• Line a baking sheet or parchment paper. Moisten the palms of your hands with water or oil. Take a tablespoon of dough and roll into balls. Wash your hands in between before shaping the balls, because the dough is very sticky. (You can also use a small ice cream scoop. Dip the scoop into ice water and shake off excess water before shaping the balls). Place the balls 2.5 cm apart on the baking sheet.
  • Preheat the oven to 200 degrees Celsius. Bake for 20-25 minutes until golden brown. They should be crispy on the outside and a little gooey inside. Serve immediately.

7. Pao de Queijo_in the oven_r

Depending on your oven and the size of the cheese balls, the result can go either way – too golden or too pale. Below the outcome of the baking times at 25 mins (top half) and 22 mins (below half).

8. Pao de Queijo_25 vs 22

I must admit that the ones baked for 25 minutes were crunchier with small pockets of air within the dough. They were less gooey than the ones baked for 22 minutes. The verdict? I loved both, because they’re Mine! Mine! Mine!   Ha ha ha…

9. Pao de Queijo_25 mins10. Pao de Queijo_22mins

11. Pao de Queijo_closed up_basket212. Pao de Queijo_jar2

I am sharing this recipe to the following blog-hop events –

Cook-Your-Books#16hosted by Joyce from Kitchen Flavours

Cook Your Books

Bake Along with the theme “Popovers”, hosted by Zoe from Bake for Happy Kids, Lena from Her Frozen Wings and Joyce from Kitchen Flavours

Bake Along

Weekend Cooking hosted by Beth Fish Reads

Weekend Cooking


  1. whytekidaily says:

    Hey I also went through a Pao de Keju craze recently hehe! Tried all the different recipes and methods too! Prefer also your Method #2. Tasted way better. Funny thing was I always had to readjust my recipe .. the consistency of the batter was always different somehow. But we all loved it and I still have a huge tupperware with a label that reads : “pao de queijo” hehehe…

  2. Beth F says:

    You’re right, recipes for these were all over the Internet! I’ve been meaning to try them and since your recipe works, I think I’ll try it.

  3. Nasifriet says:

    Hey Angel, I’ve made these several times as well. Once I made using the entire pkt of 400g tapioca flour and ended having cheese balls for a week! I should have freezed them up and bake them when I want to pop them in my mouth. Noticed the paos do not taste as good if left lying at room temp for too long. They are definitely not crispy on the outside and neither chewy in the inside. The cheese tastes odd too. They became quite oily when re-baked. By freezing the excess cheese balls when cooled is by far the best way to keep the original taste and flavour😜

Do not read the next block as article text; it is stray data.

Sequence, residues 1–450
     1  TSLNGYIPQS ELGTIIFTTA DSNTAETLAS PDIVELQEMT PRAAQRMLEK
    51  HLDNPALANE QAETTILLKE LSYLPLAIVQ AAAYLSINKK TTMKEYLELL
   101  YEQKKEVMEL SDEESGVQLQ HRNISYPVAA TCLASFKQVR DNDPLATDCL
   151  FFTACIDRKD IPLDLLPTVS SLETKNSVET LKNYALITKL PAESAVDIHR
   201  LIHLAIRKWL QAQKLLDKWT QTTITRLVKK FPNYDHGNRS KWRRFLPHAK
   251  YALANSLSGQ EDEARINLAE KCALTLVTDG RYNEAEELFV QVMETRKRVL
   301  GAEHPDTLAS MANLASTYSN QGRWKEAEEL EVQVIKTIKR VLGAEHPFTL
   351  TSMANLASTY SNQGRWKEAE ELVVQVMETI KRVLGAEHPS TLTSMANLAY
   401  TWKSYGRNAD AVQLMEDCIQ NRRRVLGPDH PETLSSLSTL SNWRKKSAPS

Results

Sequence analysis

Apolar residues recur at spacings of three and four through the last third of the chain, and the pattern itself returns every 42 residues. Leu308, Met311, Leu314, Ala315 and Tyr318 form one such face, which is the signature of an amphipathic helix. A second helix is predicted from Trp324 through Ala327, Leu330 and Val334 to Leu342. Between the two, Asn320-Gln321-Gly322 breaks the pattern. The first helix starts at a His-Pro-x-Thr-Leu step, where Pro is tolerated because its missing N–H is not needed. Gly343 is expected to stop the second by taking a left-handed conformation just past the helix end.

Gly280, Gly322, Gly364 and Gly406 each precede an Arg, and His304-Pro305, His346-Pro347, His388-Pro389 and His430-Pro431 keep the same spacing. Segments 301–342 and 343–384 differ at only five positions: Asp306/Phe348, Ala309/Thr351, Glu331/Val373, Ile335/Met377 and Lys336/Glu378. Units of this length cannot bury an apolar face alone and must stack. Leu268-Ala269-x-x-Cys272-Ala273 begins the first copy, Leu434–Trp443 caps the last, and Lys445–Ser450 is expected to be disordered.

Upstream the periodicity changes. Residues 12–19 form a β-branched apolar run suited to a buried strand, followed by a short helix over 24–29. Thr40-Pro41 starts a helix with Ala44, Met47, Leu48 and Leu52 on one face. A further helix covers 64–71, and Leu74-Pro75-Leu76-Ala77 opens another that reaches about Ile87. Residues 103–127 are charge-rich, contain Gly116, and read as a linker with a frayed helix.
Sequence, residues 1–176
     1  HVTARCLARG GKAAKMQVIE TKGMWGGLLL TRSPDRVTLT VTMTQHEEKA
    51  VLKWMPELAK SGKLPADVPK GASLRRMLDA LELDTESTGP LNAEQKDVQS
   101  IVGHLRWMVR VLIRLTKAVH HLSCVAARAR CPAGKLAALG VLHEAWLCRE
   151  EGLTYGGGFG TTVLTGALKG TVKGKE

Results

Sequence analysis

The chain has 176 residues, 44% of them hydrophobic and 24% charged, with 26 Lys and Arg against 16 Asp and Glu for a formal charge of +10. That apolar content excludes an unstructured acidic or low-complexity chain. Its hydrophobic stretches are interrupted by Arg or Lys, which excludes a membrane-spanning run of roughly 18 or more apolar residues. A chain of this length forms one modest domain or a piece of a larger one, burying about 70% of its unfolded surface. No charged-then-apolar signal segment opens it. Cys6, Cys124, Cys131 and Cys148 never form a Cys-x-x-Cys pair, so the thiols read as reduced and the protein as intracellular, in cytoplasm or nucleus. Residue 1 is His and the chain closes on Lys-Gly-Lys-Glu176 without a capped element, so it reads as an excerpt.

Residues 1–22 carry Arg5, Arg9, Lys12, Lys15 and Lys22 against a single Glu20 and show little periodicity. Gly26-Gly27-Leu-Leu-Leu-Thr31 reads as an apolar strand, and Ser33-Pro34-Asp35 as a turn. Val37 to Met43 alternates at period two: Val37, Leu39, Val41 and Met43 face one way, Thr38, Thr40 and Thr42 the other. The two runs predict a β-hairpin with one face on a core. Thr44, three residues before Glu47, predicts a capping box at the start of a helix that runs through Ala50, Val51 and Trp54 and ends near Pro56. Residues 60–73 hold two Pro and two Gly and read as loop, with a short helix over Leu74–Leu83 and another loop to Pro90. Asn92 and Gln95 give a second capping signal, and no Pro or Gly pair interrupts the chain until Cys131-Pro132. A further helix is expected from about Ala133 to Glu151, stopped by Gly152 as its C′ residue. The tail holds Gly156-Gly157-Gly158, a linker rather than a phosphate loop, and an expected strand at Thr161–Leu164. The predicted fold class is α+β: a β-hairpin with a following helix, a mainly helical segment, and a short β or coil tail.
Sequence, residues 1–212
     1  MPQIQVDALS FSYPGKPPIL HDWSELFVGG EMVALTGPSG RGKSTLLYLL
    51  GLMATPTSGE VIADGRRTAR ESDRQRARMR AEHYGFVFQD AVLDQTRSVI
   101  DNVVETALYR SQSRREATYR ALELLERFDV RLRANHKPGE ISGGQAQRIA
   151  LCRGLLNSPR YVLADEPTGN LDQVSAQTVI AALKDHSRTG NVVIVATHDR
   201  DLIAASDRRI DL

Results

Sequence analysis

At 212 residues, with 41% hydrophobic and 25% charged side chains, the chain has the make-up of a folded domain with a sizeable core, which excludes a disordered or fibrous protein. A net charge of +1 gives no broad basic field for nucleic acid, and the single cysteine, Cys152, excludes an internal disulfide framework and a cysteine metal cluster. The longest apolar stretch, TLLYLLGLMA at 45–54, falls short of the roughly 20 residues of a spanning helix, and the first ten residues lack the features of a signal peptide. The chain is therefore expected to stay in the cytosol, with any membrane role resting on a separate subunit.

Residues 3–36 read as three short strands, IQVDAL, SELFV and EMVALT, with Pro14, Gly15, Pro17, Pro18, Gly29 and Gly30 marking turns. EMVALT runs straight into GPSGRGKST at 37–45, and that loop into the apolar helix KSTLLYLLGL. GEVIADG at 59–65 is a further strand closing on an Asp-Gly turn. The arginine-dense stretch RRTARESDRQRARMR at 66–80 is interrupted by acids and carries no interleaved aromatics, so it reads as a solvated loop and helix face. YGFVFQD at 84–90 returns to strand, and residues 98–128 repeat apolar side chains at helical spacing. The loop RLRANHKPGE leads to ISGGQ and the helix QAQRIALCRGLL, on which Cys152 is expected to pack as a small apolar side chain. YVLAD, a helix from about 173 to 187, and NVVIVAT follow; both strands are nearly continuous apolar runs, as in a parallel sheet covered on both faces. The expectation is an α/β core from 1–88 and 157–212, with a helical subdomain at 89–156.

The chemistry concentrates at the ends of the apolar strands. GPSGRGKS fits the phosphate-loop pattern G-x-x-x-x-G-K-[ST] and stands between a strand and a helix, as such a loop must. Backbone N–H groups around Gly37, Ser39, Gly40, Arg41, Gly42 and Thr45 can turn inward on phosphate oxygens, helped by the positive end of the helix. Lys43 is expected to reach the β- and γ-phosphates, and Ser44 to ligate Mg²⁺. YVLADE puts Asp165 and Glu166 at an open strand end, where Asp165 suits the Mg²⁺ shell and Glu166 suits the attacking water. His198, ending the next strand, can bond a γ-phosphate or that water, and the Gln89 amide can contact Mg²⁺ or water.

But at least you made them!! Guess little K loves his cheesy balls. I will make them again soon😍

  4. Nasifriet says:

    Yes we all love these, too😜

  5. Nasifriet says:

    I’ve made these several times already. If you make a lot and can’t finish immediately, I suggest that you freeze them up. Tastes as good as fresh when you re-bake them. But these days, there’re no opportunities to freeze these addictive mouth-poppers! All gone within 24 hours. Lol!!

  6. kitchen flavours says:

    Lovely little popovers! And cheezy too! We love popovers in my house, and our favourite is definitely one with cheese! Popping one into the mouth is not enough! A lovely snack with a cup of warm tea.
    Thanks for baking along with us!

  7. Nasifriet says:

    You’re right Cheese-flavoured popovers are really tasty AND addictive. I’m a fan😍

  8. Your little cheesy popovers remind me of the Christmas puffs that Curtis Stone made… the very addictive kind 😀 Great for entertaining especially cheering for games and soccer matches!

  9. Nasifriet says:

    That’s exactly what we did! The first time I made these was in July and it was the World Cup fever. Hubby and sons were popping these while cheering their favourite team, whilst wife/mum was popping these simply as a snack with a good mug of warm tea😜

  10. lena says:

    hi nasifriet, i have made these once before and with a slightly different method. The ingredients were all blended in using a blender and the batter was like in liquid form . Yes, they were kind of crispy too and hollow. Infact the brazilian rolls puffed up more nicer than the popovers that i made recently. I see that yours also have popped up beautifully and puffy too. Nice! Great to hv you baking along with us again! have a good weekend!

  11. Nasifriet says:

    Hi Lena, the method you mentioned is the one I started making these puffs. I’ve posted the picture. I did not take many photos as I was trying the recipe out for the first time. It was indeed the all-in-one method, blending using a blender and the batter was runny. I poured the batter in a muffin pan and yes, you’re right, they puffed up more, like Yorkshire puds. I prefer the “choux pastry method” as it’s less hollow inside and I could enjoy the cheesy texture, which I liked. I will make more again and freeze them up😄